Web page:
The Museum of Natural History in Catcher in the Rye is a significant location that plays a crucial role in Holden’s character development. In this article, we will discuss the best thing about the Museum of Natural History and why it holds great importance for Holden.
The Best Thing: The Static Exhibits
Undoubtedly, the most remarkable aspect of the Museum of Natural History is its static exhibits. These exhibits are what Holden loves about the museum and what makes it stand out from other museums. The static exhibits represent something that never changes, which is very comforting for Holden.
Holden particularly likes the fact that even though he grows up, these exhibits will remain unchanged and will always be there to offer him comfort whenever he needs it. The idea of having something permanent and reliable to hold onto is very important to him.
Holden’s Love for Allie
Holden’s love for his younger brother Allie also has a significant impact on his admiration for the museum’s static exhibits. Allie had passed away from leukemia, and Holden associates his memories with Allie with certain things in his life, such as museums.
The static exhibits at the Museum of Natural History remind him of Allie because they are consistent and unchanging, just like his love for his brother. This connection serves as a way for Holden to feel closer to Allie even though he is no longer alive.
The Significance of Time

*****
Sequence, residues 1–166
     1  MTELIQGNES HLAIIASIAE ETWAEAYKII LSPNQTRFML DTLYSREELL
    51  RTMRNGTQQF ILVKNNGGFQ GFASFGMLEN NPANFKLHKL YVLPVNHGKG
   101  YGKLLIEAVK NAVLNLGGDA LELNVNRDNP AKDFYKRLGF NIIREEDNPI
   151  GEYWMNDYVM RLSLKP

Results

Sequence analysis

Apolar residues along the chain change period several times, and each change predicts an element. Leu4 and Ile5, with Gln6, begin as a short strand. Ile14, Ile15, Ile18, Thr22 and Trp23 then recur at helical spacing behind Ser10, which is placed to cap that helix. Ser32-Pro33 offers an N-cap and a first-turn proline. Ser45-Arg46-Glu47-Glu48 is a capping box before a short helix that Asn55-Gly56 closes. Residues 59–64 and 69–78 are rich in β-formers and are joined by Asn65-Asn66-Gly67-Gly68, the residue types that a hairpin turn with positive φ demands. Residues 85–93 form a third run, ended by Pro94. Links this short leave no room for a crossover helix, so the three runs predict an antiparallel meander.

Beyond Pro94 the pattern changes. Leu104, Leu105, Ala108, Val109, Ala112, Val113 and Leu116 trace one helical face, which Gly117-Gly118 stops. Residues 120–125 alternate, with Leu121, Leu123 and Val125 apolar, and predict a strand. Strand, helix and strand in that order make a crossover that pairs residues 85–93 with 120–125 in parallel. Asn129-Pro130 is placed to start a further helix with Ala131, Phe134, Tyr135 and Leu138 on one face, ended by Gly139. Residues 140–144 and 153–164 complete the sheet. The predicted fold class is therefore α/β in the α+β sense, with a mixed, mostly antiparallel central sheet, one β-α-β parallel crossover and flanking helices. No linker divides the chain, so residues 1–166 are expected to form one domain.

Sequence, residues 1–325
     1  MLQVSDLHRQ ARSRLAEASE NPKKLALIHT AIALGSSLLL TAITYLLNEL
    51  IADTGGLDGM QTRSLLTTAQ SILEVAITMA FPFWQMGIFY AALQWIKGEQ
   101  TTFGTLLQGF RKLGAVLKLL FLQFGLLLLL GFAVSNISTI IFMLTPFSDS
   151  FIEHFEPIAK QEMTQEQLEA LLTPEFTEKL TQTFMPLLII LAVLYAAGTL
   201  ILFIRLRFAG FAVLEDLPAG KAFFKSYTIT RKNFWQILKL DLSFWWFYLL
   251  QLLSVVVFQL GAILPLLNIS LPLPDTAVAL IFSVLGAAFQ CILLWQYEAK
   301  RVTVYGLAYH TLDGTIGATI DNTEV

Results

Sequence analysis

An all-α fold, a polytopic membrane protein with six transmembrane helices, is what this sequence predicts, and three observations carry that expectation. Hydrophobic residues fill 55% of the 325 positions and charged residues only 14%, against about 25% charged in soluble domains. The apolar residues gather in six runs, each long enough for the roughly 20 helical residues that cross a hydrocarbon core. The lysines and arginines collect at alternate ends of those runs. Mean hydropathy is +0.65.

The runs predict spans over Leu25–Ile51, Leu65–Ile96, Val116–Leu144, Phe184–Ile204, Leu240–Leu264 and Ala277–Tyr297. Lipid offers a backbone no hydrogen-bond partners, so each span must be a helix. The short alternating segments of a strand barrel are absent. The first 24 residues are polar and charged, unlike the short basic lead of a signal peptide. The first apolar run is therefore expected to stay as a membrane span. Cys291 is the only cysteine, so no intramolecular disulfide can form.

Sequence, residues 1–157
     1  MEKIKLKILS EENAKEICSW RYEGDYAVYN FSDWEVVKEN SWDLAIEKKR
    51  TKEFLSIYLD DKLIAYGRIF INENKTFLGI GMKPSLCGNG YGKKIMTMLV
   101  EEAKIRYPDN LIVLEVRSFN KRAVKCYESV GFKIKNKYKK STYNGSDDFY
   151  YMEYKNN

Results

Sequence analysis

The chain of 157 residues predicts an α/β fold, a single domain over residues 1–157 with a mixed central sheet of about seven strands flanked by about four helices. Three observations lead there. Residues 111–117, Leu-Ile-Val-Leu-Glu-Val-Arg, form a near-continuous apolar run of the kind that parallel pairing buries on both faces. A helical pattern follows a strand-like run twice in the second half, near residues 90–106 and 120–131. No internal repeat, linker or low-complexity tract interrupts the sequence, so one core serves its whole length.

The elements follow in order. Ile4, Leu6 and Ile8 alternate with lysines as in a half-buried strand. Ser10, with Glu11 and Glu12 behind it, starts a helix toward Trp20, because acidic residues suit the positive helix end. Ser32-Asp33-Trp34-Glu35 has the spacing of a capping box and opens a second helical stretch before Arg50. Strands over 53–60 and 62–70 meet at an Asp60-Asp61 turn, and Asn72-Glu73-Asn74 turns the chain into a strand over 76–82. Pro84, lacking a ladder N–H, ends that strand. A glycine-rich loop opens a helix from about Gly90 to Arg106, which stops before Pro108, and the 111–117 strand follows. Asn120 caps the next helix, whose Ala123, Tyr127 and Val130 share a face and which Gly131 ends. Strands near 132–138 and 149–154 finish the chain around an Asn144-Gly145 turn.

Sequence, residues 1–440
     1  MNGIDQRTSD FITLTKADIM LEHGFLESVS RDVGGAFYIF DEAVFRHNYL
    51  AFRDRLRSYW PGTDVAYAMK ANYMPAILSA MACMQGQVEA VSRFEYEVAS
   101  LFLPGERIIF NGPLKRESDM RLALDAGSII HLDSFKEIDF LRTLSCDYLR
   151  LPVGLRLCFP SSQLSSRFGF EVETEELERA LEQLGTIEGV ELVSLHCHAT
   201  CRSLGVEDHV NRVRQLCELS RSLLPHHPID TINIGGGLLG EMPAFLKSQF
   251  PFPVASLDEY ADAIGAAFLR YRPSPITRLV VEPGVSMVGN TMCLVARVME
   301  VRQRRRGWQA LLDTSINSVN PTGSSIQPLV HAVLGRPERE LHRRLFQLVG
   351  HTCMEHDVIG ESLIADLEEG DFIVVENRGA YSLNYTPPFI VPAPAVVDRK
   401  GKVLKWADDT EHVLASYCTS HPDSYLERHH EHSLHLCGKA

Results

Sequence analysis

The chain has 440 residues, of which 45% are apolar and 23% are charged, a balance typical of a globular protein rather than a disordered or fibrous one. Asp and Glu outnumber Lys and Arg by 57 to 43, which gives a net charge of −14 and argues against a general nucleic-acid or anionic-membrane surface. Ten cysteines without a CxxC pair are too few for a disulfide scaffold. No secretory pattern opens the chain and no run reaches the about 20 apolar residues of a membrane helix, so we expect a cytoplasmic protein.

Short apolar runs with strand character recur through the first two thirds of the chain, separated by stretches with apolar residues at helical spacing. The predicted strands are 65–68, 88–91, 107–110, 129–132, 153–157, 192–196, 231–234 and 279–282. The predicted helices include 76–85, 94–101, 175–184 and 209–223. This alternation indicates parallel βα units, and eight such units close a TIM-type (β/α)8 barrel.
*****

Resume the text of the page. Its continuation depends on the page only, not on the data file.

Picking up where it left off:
Another reason why Holden loves the static exhibits at the Museum of Natural History is that they represent time. Time is a crucial theme throughout Catcher in the Rye. For Holden, time moves too quickly, and he wants everything to stay exactly as it is.
The museum’s static exhibits show how time passes but doesn’t change everything. They provide a sense of stability and comfort that Holden desperately craves in a world that seems chaotic and ever-changing.
In conclusion, the Museum of Natural History in Catcher in the Rye is an essential location that plays a crucial role in Holden’s character development. The best thing about the museum is its static exhibits, which provide comfort and stability for Holden.
The exhibits represent something that never changes, and for Holden, this is very important. They remind him of his love for his brother Allie and offer him a way to feel closer to him. They also represent time, showing how it moves but doesn’t change everything.
The Museum of Natural History holds great importance for Holden, and it serves as a symbol of the things he values most in life – stability, consistency, and love.